Editing a novel over fifteen-plus months honed skill, but how would I explain the process?
The storyline needed consistency and advancement and the structure tweaking, from word efficiency (consider the last two as: efficiency of words), through oomph statements.
When draft writing, I laid it down the way it formed in my brain, (somewhat troubling, eh?) Words flowed with message, but lacked conciseness. Lots of prepositions and conjunctions showed in the first draft. Perhaps I engaged the nasty verbs ‘to be’ and ‘to have’, or used adverbs without consideration. The tense jumped through time, present to past to future. Dialogue assembled not as spoken word, but as thought. I feared incomplete sentences or even avoided grammatical rules violation, what with Word ready to smite perceived misuse.
Sometimes two words suffice when a first draft needed six. Sometimes a sentence or paragraph reads as evaluation of possibilities, engaged thought verbs, or self-identified the character without need in first person narration.
A rough draft writes in black and white, but a story needs colour. A reader of Twined learned my protagonist mixes snark and humour as the story filters through her onto the page. She made judgements. In the initial writing, I wavered, not the way of a strong character. Declare.
Consider these two snippets of story, one from the first edit way back when, one from the last:
Helicopters make me crazy. Until this week, I never thought much about the fool machines. I might watch one pass overhead out of curiosity, my attention pulled skyward by the noise and their relative uniqueness. I recall watching with some interest a presidential copter carrying George Herbert Walker Bush pass overhead during my student years at Three Sisters College in Derryfield. Now I’m riding in on one for the second time in a week, this trip courtesy of the good folks of the **** (sorry, reveals too much.)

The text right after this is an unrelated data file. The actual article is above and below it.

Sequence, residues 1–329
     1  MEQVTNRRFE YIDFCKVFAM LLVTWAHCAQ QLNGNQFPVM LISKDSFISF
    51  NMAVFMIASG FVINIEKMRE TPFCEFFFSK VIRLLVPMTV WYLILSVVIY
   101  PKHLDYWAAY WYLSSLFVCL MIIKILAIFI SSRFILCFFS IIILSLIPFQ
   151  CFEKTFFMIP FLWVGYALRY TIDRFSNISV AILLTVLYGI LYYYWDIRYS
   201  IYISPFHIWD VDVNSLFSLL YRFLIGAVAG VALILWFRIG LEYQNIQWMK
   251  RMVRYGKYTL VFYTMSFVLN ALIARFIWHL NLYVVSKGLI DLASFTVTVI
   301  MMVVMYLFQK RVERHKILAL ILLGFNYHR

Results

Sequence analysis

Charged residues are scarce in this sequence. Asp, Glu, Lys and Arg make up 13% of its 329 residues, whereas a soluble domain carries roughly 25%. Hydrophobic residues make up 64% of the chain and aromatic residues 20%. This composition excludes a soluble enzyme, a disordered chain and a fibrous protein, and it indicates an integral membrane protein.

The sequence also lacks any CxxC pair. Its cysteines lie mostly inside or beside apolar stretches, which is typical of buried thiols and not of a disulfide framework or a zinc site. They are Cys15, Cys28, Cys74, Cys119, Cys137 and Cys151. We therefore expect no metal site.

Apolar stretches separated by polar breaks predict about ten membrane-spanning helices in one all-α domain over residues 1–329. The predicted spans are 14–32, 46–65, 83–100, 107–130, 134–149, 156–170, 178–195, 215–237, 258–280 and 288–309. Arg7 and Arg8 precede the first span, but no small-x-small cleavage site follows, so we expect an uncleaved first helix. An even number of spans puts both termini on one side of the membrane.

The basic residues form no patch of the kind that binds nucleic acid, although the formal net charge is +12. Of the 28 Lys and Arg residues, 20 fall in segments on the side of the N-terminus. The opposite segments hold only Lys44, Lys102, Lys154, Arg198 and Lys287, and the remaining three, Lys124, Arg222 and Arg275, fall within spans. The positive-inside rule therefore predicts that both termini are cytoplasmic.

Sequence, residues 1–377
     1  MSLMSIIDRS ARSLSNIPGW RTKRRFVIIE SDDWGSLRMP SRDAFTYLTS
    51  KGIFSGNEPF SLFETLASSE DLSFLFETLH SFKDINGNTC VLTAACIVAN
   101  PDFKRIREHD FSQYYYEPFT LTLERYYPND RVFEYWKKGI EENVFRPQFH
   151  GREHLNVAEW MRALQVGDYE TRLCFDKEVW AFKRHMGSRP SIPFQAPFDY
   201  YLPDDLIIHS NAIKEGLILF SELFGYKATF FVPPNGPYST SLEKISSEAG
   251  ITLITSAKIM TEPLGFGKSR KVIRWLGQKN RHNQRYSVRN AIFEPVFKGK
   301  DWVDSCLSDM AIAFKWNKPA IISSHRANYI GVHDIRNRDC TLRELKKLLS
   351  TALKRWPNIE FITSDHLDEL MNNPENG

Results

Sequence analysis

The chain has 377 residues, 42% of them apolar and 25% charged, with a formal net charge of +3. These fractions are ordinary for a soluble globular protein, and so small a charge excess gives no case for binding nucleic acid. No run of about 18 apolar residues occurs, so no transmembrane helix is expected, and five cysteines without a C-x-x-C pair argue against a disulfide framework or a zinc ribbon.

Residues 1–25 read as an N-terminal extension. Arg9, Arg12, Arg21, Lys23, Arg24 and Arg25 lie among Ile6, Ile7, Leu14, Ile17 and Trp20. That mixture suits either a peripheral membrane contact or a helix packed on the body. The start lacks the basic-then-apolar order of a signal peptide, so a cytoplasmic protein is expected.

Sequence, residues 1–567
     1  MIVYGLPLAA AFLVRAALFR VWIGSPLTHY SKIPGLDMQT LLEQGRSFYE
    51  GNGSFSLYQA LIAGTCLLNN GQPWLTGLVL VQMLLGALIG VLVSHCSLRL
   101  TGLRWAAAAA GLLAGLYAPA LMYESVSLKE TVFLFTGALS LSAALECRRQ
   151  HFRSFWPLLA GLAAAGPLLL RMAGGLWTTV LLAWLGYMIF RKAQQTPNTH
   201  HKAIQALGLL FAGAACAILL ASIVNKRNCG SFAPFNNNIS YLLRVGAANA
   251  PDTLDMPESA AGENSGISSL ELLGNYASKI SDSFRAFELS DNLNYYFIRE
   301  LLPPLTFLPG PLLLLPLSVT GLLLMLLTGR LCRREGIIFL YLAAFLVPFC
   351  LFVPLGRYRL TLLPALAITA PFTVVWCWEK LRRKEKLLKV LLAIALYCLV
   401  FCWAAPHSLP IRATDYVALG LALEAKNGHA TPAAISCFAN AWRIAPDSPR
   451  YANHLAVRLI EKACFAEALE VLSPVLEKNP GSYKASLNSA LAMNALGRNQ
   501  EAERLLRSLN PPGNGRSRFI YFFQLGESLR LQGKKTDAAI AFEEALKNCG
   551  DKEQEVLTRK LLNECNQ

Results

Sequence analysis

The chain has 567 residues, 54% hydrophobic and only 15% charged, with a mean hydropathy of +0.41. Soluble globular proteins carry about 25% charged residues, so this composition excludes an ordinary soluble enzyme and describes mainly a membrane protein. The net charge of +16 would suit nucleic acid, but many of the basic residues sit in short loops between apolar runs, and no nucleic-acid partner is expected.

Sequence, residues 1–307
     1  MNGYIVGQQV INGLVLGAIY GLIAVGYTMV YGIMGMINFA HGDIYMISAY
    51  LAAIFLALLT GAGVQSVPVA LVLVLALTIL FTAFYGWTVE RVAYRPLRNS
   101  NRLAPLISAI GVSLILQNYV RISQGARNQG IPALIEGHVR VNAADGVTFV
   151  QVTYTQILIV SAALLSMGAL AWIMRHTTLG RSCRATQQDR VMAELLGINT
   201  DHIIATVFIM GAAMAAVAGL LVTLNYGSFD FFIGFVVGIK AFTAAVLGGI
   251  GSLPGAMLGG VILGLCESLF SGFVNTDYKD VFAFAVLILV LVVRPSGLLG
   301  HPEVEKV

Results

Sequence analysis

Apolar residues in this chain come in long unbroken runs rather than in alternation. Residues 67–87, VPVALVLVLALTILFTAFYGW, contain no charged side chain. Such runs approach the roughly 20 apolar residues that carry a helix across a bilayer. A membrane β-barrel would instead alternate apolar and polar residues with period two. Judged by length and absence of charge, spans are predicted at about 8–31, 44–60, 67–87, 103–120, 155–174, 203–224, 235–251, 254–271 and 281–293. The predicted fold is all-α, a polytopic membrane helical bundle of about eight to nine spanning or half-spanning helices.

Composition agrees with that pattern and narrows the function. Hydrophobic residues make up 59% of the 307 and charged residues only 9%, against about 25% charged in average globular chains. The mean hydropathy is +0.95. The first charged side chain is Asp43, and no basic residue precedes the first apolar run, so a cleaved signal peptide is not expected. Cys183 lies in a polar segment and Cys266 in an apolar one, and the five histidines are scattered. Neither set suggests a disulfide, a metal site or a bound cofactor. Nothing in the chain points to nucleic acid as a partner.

I have no fear of these machines or of flying; I just hate their rapid ascents and abrupt declines, and most of all, the incessant ear-splitting vibrato from the high power revved engine and air-stirring rotor.
Helicopters overran my life. Thirty-eight years I went without a sniff of a ride, and poof, one whisked me to Otis, four cornered me in the park, and several buzzed aloft. In years past, if a copter passed overhead, the noise and its unusual presence pulled my attention skyward for a few seconds. During my college years, a presidential copter entourage carrying George Herbert Walker Bush passed a few times while I watched.
Flying bothered not, at least in the usual sense. Airplanes and I, buddies on the fly. The rapid ascents and abrupt declines of helicopters, and most of all, the incessant ear-splitting vibrato from their high-powered revved engines and rotors, upset my stomach and made my head ache.
The damn things mocked my distaste. Over three days they swarmed and blew away my lack of experience. Yet another ingested me in the park, courtesy of the good folks of the ****. (And again.)
Enable characters, empower their judgement. Embrace concise wording. Weed out the thought verbs, the Shakespearean ‘to be’ one, as well as ‘to have’. Tighten up the tenses, watch story consistency, and if first person narration, stay in character.
Adding this in: when I work a difficult paragraph, I copy it and paste it on a blank page. Think of it as a whiteboard for creativity. It works every time.